Getting past the road blocks

Getting past the road blocks

As the Kilauea begins to quiet down inside Leilani Estates, I am sharing my experiences covering the eruption for the several weeks I was on the Big Island.  Many of the people we encountered during this time were truly unforgettable and my adventures with them will stay with me for a lifetime.

As my second day covering the Kilauea eruption on the Big Island began, I awoke anxious as I had no idea how I was going to get inside Leilani Estates.  Social media posts from residents who did not leave the evacuation zone showed incredible images of lava spitting up from the ground threatening homes in its wake.  Much of this was on social media; yet, the authorities refused to give access to credentialed media.

I drove around the region probing for access going to the Kalapana side on Hwy 130 and coming all the way around to the Pohoiki Rd side down Hwy 137.  At the Pohoiki Rd roadblock, I tried my best to sweet talk the police. I was transparent, told them who I was and of my job, and asked them to let me pass.  The police were cordial yet firm and denied me access.  I tried at another access point and again, was turned away.  At one point, as I firmly pressed my case with the police, I asked what they would do if I drove through the road block without permission.  Confused, the officer wasn’t sure what he would do as there just wasn’t anyway they could stop me nor did they have the resources to deal with it.  There was just too much chaos going on to worry about a journalist getting in.  He meekly said I would get arrested but it was doubtful he would bother.

As a freelancer, I can’t break laws to get a picture.  The news agencies who hire me might not legally help me if I do something illegal as they would not advise me to break any laws.  I could easily stand alone in a legal matter if I were to get into trouble.

Frustrated, I drove  to the Pahoa Fire Station just outside of town where I found Caleb, the bureau chief for the AP in Honolulu.  He arrived that afternoon of the second day and we planned to meet there and go hunting for lava together.  The station was becoming the command center for police, National Guard, first responders, the media, and residents looking for answers.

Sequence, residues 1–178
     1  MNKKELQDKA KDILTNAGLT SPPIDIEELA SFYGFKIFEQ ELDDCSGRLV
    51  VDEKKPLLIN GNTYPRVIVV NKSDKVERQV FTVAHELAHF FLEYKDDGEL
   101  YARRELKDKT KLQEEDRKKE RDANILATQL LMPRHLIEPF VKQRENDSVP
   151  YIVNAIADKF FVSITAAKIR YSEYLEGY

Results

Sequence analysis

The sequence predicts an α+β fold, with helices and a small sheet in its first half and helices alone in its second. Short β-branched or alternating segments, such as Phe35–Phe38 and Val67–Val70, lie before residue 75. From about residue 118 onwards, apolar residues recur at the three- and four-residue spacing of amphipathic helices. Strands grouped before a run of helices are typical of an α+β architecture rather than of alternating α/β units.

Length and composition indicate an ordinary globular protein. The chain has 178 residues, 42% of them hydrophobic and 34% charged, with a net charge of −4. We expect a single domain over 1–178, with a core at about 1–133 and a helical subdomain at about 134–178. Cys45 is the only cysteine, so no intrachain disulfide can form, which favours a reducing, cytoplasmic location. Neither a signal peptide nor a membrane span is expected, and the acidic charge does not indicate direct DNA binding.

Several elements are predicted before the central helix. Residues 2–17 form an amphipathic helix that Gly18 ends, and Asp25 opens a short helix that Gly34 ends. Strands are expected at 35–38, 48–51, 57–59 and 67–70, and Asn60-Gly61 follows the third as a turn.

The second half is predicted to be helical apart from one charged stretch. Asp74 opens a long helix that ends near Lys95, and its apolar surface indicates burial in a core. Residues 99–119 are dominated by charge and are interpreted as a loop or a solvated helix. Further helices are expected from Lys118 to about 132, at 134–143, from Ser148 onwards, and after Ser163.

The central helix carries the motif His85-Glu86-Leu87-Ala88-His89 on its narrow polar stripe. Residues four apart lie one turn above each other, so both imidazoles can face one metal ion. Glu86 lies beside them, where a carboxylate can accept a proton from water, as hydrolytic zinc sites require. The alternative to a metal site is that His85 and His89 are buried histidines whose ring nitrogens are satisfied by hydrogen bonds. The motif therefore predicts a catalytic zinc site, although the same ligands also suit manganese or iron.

During the early days of the eruption, information about the eruption was vague as no one really knew what was going on.  And keeping the media outside furthered the confusion for many as people began to believe hearsay spread over social media.

As I walked up to Caleb, he was engaged with a couple of evacuees who excitedly expressed their frustrations about the mandatory evacuations along with the danger posed by the geothermal plant that sat inside Leilani Estates and possibly in the path of the lava flow.  They also expressed frustrations about social media rumors that looters were robbing homes inside the subdivision.

Caleb listened on as Robert and Edwin, two guys who would become essential to us getting inside Leilani Estates, complained about not having access and wanted to get back to their properties.  Edwin, whose daughter owned a large farm off a back road in Lanipuna Gardens, feared their solar power system was in jeopardy and wanted to retrieve it.  He said the cost of the batteries and power inverters was worth going back for and he planned to enter through the Pohoiki Rd.

Caleb asked Edwin if we could join him and Robert and he joyfully obliged and off we went.  We sadly got skunked by a lurking TV crew who tagged along.  They were good guys but took advantage of Caleb to get themselves inside the evacuation zone.